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A less frequent problem, but one that people seem to run into a lot, is a change in the identification of the hard drive. This happens on Windows when a drive is changed or moved in the system, but similar problems can happen on a Mac, and both cases can be easily managed if you follow the second cardinal rule of Lightroom Workflow:

Always include a single top level folder in your catalog folder structure, and put all your images into subfolders below the top level.

This will prevent a lot of work in the future, if you have to point Lightroom towards a new drive or folder location. As an example, I have all my imported camera raw files in a top level folder called, obviously, “Camera Raw Import,” and all the files are organized by date below that main folder:

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As you’ll see below, if you need to move this catalog to another drive, or if your drive letters change, this makes the repair a one-step process.

Now, let’s talk about recovery strategies:

OK, so you’ve changed your ways and now you follow the two cardinal rules above relentlessly. Still, once in awhile, you’ll forget and make a mistake, or someone might make it for you, and you end up with a missing file or folder. We’ll look at files first, then folders.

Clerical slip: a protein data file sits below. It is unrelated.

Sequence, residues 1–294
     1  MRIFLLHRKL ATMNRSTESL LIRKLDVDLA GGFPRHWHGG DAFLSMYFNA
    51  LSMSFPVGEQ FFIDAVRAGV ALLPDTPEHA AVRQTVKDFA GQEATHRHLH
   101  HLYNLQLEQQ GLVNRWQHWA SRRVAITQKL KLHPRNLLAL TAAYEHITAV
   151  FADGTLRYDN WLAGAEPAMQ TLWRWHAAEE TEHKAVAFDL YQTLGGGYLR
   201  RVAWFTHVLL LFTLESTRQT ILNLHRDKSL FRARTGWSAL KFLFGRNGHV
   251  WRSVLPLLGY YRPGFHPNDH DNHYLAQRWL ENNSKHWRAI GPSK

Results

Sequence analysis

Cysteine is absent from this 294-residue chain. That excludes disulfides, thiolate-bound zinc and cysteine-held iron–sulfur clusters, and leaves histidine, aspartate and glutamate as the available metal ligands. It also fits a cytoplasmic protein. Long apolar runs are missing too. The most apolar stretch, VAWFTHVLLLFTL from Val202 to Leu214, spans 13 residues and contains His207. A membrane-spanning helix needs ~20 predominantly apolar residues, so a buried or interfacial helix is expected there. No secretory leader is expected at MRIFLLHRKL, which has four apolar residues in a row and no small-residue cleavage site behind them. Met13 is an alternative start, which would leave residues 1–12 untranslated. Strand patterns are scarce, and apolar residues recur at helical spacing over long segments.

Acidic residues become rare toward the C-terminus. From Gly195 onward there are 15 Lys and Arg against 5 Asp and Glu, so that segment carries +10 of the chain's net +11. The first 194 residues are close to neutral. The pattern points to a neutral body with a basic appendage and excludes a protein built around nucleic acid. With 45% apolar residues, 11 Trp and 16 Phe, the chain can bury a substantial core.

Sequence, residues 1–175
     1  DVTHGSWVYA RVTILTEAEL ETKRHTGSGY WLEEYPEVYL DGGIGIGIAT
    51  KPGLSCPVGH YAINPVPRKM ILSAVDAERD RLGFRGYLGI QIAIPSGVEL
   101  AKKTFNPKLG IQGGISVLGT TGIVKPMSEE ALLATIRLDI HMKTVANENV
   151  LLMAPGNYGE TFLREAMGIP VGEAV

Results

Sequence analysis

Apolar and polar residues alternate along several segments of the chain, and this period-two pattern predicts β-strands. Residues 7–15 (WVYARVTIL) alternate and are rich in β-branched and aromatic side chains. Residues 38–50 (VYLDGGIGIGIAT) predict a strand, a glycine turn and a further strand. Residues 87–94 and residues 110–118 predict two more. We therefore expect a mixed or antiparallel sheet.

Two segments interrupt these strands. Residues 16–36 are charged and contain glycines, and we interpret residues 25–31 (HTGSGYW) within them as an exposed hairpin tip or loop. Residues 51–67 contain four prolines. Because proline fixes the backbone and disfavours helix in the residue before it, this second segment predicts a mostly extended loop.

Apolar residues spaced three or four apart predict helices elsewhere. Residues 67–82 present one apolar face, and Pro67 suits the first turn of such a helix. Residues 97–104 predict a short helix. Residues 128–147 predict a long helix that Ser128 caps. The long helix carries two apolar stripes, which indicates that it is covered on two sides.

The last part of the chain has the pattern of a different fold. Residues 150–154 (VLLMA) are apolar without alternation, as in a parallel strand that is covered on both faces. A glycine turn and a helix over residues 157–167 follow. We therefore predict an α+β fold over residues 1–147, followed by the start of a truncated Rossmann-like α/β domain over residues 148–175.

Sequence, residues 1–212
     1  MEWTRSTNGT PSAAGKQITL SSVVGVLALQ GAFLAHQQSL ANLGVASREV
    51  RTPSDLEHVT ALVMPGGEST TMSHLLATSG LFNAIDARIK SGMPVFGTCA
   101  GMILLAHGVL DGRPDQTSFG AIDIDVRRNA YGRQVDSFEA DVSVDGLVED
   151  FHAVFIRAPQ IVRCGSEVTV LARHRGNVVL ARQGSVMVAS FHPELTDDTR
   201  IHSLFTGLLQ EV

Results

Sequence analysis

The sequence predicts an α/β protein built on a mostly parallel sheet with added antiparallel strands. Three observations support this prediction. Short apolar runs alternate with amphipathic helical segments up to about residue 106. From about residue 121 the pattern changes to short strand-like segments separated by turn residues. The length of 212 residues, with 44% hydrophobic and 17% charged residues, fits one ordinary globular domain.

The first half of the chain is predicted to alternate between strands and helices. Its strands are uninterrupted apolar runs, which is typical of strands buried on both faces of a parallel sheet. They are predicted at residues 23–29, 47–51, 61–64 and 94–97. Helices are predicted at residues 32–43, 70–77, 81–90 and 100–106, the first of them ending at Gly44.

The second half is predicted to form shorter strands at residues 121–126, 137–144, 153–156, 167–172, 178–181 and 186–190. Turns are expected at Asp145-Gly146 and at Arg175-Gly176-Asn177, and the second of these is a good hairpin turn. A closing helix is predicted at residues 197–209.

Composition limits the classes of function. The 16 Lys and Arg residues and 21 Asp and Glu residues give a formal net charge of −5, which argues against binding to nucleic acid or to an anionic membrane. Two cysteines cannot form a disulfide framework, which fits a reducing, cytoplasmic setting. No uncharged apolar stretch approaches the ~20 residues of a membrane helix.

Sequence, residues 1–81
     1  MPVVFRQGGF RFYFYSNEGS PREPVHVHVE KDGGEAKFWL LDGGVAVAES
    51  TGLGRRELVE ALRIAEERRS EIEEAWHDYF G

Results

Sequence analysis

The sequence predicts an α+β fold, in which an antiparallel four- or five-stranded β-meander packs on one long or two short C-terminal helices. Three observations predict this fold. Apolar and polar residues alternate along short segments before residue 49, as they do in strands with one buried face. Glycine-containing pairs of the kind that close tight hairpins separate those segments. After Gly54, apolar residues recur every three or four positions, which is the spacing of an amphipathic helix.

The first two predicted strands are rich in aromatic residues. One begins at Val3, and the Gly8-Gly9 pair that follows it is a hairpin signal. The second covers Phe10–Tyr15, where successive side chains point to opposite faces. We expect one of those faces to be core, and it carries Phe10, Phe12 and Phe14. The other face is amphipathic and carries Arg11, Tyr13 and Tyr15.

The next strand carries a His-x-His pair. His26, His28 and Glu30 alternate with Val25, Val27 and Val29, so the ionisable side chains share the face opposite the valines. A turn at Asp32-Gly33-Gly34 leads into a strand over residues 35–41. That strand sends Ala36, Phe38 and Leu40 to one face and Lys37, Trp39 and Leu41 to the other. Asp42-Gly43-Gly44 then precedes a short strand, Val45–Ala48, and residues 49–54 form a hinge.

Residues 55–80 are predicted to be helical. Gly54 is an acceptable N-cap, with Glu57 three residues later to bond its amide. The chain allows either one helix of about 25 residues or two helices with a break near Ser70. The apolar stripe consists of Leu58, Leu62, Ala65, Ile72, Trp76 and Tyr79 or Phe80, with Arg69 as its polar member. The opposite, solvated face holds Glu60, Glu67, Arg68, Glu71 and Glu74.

Missing Files

When a file is moved or renamed outside of Lightroom, the catalog record points to a file that no longer exists. You get a thumbnail (thumbnails and previews are stored in a special Lightroom folder along with the catalog) and the thumbnail has a question mark icon in the top corner:

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In this case, I did this on purpose by renaming the file using Windows Explorer. To fix Lightroom’s record and point the catalog back to the renamed file, we simply click the question mark, bring up this dialog:

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Click Locate, and you’ll get the Locate dialog box, initially opened to the last known location of the missing file. We can browse and find the correct file, then click Select: